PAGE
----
12/29/2005, 00.00
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Arrogant science should be humble before God, says Korean Bishop

In light of the Hwang case, the chairman of the Korean Bishop's Subcommittee on Bioethics urges everyone to reflect upon society's values, which drive many to use every means to accomplish their goals.

Seoul (AsiaNews) – Modern science "has become too arrogant"; instead, it "should be humble before God and reflect whether its contribution to human development is truly useful", this according to Mgr Francis Xavier Ahn Myong-ok, bishop of Masan and chairman of the Korean Bishops' Subcommittee on Bioethics, who spoke about the fabricated stem cell research results published by Prof Hwang Woo-suk. A Seoul National University investigation panel found that data provided by Hwang's team were "an intentional fabrication".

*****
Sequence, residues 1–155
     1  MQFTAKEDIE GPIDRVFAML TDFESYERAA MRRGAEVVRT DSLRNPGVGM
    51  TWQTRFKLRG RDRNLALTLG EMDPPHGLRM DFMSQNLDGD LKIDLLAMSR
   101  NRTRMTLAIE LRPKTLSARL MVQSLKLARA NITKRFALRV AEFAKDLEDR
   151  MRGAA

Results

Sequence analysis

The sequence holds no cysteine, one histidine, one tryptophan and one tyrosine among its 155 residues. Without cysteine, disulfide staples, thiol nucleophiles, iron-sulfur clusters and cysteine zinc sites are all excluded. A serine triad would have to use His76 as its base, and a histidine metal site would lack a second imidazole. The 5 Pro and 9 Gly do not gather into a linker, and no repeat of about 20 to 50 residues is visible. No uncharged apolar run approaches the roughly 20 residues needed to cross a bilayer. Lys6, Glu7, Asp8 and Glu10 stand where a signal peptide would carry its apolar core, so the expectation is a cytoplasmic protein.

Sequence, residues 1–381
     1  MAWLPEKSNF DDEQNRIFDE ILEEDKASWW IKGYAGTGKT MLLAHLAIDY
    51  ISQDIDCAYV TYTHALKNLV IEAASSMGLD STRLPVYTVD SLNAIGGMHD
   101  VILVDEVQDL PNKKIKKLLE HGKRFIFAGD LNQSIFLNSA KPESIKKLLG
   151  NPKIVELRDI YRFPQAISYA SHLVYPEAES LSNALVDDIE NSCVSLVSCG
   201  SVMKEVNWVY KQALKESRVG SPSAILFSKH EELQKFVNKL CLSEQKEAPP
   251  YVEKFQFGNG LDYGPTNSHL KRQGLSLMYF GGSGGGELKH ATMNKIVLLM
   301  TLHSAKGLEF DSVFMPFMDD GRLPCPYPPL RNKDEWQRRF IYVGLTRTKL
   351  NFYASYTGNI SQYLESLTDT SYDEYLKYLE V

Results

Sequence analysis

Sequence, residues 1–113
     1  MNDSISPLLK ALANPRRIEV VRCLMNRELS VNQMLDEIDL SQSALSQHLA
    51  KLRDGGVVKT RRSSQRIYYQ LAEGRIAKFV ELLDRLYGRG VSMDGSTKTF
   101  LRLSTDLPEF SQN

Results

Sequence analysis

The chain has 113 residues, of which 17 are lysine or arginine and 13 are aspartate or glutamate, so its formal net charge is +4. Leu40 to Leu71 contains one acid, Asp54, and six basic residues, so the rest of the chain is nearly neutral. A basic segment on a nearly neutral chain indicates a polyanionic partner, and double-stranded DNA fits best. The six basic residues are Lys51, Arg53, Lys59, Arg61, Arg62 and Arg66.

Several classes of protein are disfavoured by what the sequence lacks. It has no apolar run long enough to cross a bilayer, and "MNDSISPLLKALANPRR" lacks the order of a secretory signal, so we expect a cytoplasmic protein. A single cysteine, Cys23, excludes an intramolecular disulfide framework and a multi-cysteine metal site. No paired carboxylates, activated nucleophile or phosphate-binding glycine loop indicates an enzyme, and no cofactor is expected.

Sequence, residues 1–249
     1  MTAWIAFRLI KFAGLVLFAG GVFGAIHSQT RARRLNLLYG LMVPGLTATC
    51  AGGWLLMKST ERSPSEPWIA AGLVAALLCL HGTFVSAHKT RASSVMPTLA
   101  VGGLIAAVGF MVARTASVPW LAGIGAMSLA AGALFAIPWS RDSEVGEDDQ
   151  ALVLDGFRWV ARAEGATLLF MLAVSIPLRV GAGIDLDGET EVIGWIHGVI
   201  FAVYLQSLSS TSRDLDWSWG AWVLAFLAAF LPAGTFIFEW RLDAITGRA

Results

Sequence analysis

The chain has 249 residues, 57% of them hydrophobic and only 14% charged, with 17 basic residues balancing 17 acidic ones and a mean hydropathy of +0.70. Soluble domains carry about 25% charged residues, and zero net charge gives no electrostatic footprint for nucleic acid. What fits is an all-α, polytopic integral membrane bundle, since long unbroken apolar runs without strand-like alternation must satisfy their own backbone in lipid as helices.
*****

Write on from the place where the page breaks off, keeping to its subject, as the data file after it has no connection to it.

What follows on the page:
In an article Hwang claimed that he had been able to create patient-matched stem cells in 11 stem-cell lines. This gave hope that therapies might developed to treat diseases hitherto considered incurable like Parkinson, diabetes and spinal cord injuries by implanting cloned stem cells to generate healthy tissues.

These revelations mean that "Hwang's research has lost all moral justification", and are even more wrongheaded "because they gave gravely ill people unjustified expectations and hopes".

"We Koreans must reflect on our values which make us want to use every means to accomplish our goal," Bishop Ahn said.

Because of such values, he continued, Koreans have been enthusiastic about Hwang's alleged achievements even though they knew that these were unethical.

The prelate was of the same opinion back in June when, in the wake of the media frenzy surrounding Hwangs's "discoveries", he told AsiaNews how "sad it is to be witness to a situation in which science and technology takes advantage of human life without due regard for ethics".

In a December 23 interview to a weekly magazine published by the diocese of Seoul, Card Stephen Kim Sou-hwan said that the Hwang case is not something that can be solely attributed to one person or group but "affects our entire society, which has lost the value of honesty".

Moved to tears, he said that Hwang's falsification was "a disgrace that won't allow Korea to face the world."

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